wanhoop, niet tegen kanker of dood,
was een moment in het heden!
Ik haal je nog eens met zeer harde hand
uit de stront, zo klonk het daarna nog.
Heb meelij met hen die niet onder worden
gescheten, want je zult zien, ik sta op en
ik keer alles om: ik red het uitschot en
geef hen een naam.
Juliën Holtrigter (Hilversum, 22 juni 1946)
Zijn leven is saai als een steen.
Eén dag als een graveeltje
en je verveelt je meteen.
Het enige diertje op aarde
dat niet kan bewegen.
Ligt dagen op straten te wachten
in de hoop op een bezem
die hem verder wil vegen.
Dus wil je dit arme diertje
iets laten beleven
dan kun je ‘m het beste
een rotschop geven.
Soms moet mijn moeder huilen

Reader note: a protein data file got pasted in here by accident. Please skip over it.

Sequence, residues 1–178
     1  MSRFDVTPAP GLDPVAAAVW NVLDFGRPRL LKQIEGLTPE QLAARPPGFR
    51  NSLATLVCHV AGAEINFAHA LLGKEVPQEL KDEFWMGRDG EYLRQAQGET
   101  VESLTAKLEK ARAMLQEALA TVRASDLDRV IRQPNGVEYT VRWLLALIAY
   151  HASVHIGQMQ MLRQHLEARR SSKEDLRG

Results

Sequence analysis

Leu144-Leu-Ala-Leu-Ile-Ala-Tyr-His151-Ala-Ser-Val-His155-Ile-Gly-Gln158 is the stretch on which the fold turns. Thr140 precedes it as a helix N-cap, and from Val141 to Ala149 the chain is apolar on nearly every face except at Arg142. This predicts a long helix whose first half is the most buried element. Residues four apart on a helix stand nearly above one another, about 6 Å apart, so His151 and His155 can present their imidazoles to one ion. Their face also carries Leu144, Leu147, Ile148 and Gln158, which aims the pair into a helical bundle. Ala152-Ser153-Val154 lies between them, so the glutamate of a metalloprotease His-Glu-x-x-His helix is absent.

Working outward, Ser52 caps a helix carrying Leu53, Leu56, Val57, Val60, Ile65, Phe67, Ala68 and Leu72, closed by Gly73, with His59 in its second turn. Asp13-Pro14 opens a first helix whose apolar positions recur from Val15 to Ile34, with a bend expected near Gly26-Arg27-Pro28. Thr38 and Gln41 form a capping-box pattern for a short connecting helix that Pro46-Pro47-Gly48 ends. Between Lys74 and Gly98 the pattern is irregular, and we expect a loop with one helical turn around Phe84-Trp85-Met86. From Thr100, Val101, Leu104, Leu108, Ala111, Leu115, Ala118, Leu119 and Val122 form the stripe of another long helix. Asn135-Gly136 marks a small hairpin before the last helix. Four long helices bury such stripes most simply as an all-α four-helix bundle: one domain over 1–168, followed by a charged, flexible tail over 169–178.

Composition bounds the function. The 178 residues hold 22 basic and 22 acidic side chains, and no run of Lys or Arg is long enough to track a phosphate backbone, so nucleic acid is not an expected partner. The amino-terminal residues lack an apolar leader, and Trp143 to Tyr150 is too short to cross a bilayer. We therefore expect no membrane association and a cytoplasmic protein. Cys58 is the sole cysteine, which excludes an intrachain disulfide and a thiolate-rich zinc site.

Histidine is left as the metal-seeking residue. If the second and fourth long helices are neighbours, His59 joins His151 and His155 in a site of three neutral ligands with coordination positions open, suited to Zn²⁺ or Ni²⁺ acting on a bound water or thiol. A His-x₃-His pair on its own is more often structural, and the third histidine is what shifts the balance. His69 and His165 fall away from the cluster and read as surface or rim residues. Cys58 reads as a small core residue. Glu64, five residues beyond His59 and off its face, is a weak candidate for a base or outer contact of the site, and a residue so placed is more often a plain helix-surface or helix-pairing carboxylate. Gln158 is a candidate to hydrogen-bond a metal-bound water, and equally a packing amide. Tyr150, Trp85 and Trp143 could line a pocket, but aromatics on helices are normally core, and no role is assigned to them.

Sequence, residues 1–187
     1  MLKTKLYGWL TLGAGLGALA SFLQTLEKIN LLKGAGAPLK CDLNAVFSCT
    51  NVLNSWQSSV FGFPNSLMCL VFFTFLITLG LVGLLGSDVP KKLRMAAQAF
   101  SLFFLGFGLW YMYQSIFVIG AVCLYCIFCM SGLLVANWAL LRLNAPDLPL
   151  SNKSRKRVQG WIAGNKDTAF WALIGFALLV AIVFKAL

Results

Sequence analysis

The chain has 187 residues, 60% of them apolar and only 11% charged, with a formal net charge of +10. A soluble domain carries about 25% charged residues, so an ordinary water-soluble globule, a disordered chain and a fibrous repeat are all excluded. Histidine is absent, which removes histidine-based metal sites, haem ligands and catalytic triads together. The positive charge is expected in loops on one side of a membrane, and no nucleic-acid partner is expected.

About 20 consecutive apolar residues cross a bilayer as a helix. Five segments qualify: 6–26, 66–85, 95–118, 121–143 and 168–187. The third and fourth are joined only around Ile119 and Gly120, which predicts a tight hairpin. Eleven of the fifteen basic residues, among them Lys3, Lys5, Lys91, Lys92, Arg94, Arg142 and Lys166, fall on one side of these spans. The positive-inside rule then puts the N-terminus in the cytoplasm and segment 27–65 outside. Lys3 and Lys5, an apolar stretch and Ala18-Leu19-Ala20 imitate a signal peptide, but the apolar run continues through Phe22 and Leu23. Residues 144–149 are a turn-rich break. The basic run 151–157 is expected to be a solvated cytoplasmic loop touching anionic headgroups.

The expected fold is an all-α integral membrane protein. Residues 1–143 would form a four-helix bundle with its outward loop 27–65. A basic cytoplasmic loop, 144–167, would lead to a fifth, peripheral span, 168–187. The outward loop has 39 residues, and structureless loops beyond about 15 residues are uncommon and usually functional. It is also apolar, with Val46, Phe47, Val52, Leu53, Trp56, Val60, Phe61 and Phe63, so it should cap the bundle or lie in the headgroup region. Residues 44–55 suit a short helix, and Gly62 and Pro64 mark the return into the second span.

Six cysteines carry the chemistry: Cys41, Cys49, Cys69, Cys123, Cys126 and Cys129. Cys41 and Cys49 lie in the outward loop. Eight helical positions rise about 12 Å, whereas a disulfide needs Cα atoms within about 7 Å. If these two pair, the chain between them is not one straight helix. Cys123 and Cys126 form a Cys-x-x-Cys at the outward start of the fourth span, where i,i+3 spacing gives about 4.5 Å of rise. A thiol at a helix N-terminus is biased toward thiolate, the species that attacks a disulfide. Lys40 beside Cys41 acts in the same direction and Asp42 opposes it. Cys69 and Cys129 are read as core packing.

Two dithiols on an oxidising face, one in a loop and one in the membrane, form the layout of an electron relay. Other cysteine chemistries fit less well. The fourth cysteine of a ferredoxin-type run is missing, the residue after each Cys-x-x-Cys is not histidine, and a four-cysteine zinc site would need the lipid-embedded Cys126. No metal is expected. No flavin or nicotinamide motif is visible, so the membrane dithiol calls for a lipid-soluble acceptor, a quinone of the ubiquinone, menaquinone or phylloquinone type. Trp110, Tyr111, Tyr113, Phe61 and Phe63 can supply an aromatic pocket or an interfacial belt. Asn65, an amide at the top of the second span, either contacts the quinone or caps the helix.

zomaar twee tranen uit het niets
en wacht ik op de trap
tot ze me ziet.
Dan kust ze mij.
Tranen hoef je niet te snappen
die zijn er soms gewoon
en deze zijn allebei voor jou.
Jaap Robben (Oosterhout, 22 juni 1984)
Ninove, een ode
De Dender scheurt en schuurt je middendoor
en in de vele zwartgeschubde vissen jaagt
het bloed dat door Filips van Valois met zwaard
en lans en pijl binnen je muren werd vergoten.
Maar je bleef trots en stout,een stad
die zich koestert in haar jas van oude stenen
en warmt aan het zwavelgeel uit de fabrieken
of het licht dat in gloeilampen werd gevat.
Je poorten blijven op de wereld openstaan,
je bier is honing voor de droogste keel
en één dag in het jaar schrijven renners op je asfalt
met hun zweet geschiedenis,een feest van kracht.
En als de avond valt en het duister
van de nacht je torens tart zingen monniken
in hun slapende abdijruïnes een lepradokter
naar de hoge wolken van het heldendom.
De Muur van Geraardsbergen
Rilling en razernij door het peloton:
de Muur van Geraardsbergen staat
als een pantsercolonne van kasseien
te wachten en lacht zijn stenen bloot.
Benen breken in een helse kramp,
hoofd en adem haperen bij zoveel vertoon